The CPE is fundamental to bridging the perceived gap between PEIs and public universities. It has served PEIs well, dutifully ensuring the accountability of overseas degrees and the education administered to private students. But its role must now expand to include active measures to grow in public trust and acceptance as a high-quality accreditation body. This is to legitimise its endorsement of PEIs under its purview, in much the way the Ministry of Education has done with public education institutions.

Rethinking education should be coupled with a deconstruction of the public-private dichotomy. This will help introduce two key market mechanisms currently lacking in Singapore’s education system: competition and choice.

Letting PEIs compete on more equal grounds relinquishes the monopoly public institutions have on what it means to be qualified or educated, and compels administrators of such institutions to constantly innovate in view of heightened local competition. If managed well, this can mean better educational outcomes for students, and graduates who are more economy-ready. Similarly, the removal of barriers that once separated PEIs from their public counterparts should motivate private providers to strive for improvements they once felt were out of their reach.

Such changes do not merely instigate enhancements at the structural level. If students function as microcosms of the education system, the increased competition should spur them towards gaining more industry-relevant experience to differentiate themselves from others in their cohort, leading to a better-attuned workforce.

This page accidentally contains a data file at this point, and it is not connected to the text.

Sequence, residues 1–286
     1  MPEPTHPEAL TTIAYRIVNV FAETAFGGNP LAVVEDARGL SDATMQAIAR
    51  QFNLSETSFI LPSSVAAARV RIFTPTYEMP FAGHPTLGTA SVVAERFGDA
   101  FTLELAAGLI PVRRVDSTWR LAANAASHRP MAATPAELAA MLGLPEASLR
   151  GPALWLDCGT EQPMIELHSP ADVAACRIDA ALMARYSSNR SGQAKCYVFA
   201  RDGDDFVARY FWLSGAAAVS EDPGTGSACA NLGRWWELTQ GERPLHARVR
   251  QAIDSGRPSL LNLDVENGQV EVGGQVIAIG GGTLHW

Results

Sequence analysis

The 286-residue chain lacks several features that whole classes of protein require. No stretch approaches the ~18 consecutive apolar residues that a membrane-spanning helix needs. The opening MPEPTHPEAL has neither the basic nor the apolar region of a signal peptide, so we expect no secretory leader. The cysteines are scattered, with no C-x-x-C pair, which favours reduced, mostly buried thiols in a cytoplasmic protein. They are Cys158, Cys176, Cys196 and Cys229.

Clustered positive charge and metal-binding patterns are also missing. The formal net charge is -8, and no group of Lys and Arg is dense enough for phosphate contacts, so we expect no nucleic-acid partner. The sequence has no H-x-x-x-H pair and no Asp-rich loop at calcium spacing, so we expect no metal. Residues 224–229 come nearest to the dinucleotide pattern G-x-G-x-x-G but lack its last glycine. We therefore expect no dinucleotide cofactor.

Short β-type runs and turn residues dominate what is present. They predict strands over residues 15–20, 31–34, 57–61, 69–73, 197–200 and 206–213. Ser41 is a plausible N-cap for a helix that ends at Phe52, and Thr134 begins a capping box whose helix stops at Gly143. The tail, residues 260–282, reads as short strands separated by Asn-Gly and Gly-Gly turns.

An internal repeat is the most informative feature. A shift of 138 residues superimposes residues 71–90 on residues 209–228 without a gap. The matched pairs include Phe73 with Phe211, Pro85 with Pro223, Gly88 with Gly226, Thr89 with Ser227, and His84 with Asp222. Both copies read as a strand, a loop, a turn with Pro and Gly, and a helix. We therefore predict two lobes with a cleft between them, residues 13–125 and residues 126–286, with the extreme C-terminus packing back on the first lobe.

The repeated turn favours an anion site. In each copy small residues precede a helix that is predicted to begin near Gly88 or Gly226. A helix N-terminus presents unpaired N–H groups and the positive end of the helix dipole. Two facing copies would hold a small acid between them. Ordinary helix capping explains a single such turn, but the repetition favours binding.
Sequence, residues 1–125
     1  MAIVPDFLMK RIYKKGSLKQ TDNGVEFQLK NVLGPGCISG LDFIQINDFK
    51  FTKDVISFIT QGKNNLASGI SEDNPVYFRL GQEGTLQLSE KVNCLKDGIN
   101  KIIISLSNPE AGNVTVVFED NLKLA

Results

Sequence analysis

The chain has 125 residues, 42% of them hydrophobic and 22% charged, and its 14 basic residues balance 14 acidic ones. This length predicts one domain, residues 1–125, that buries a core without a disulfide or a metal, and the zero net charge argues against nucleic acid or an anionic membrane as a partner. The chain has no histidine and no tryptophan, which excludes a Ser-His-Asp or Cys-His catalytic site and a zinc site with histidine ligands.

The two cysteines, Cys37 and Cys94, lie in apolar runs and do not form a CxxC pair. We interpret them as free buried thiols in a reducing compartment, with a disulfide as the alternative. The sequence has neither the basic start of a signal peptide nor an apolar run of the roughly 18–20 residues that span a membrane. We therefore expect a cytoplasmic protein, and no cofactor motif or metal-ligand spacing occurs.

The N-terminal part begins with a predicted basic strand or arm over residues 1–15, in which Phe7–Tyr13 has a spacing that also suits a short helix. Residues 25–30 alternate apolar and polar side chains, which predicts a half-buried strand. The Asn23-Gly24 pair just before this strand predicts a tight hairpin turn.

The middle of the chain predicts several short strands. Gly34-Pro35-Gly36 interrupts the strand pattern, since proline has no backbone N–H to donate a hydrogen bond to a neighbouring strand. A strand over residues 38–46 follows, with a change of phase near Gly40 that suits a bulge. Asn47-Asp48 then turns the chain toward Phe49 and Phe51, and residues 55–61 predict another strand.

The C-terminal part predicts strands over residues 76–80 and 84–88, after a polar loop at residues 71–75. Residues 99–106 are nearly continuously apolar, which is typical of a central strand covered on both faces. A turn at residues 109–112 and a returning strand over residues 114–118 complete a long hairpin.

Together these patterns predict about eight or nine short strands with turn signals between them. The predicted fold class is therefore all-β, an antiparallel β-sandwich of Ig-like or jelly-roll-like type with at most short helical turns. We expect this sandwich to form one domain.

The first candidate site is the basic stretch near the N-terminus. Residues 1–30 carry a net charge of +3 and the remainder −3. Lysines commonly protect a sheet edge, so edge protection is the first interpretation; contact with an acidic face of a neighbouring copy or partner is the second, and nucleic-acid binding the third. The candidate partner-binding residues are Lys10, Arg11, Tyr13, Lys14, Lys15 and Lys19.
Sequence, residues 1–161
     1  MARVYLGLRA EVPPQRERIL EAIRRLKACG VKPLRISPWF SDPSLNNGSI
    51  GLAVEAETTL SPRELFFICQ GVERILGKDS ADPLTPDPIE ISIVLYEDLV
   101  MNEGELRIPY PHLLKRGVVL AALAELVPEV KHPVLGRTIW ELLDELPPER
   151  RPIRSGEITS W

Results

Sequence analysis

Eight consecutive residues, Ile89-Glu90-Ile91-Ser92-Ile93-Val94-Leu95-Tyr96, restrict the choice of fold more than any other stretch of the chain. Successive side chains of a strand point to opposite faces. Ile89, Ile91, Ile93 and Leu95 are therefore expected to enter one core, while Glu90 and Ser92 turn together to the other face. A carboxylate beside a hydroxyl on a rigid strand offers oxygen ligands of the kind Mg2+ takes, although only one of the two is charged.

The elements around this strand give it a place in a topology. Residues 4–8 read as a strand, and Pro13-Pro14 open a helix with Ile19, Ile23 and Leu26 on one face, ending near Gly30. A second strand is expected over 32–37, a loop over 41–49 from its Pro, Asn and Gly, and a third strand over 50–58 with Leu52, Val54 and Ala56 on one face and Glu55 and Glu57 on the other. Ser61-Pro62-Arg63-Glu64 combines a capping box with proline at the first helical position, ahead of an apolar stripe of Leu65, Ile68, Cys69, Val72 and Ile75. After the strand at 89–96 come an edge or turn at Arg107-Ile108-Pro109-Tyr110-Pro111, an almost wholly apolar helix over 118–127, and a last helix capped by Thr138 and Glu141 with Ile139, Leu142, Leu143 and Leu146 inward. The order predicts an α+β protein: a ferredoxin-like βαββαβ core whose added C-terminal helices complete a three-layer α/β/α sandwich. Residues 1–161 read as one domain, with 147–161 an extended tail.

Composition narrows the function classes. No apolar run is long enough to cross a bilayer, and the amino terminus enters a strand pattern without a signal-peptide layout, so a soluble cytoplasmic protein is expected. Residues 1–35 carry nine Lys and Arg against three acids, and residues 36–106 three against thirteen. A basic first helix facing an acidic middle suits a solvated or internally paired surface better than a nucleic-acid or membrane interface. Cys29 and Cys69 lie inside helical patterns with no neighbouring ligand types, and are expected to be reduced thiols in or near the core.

Next, healthy competition in its various forms gives rise to greater choice. Local employers are able to select from a pool of graduates better equipped for their careers, and who can transition to the workplace more quickly and from a higher launch point. Students themselves benefit from having a wider range of quality institutions to choose from, without having to worry about significant disparities in the quality of provision between private and public education providers.

More choice is especially useful for students because it encourages risk-taking and pushes them to recognise the trade-offs of their decisions while taking responsibility for the choices they make. One way is to allow those who opt to pursue the private route, in the absence of government subsidies, to utilise the funds previously accumulated in their Edusave accounts to offset some of their tuition and extra-curricular activity costs.


A new way forward?

The right combination of competition and choice that undergirds these proposed improvements to the education system requires a fundamental recognition that the status quo, while having served its purpose, is no longer sustainable. To survive amidst the challenging global landscape, Singapore must not only aim to build a competent and skilled workforce, but also one that is resilient and adaptable in the face of growing uncertainty and systemic volatility. A fundamental rethinking of the system is imperative to ensuring equitable outcomes for as many students as possible while retaining the competitive element in Singapore.

In the course of this debate, let us not forget that private students, too, can be important drivers for success. Our country and our economy need them to be.


Andrew Yeo Zhi Jian is a graduate student from the London School of Economics and Political Science and Daniel Ho Sheng recently graduated from the S. Rajaratnam School of International Studies, Nanyang Technological University. Both are alumni of the University at Buffalo programme offered at the Singapore Institute of Management.

An edited version of this essay first appeared in TODAY on 26 September 2014

Photo credit: Singapore Institute of Management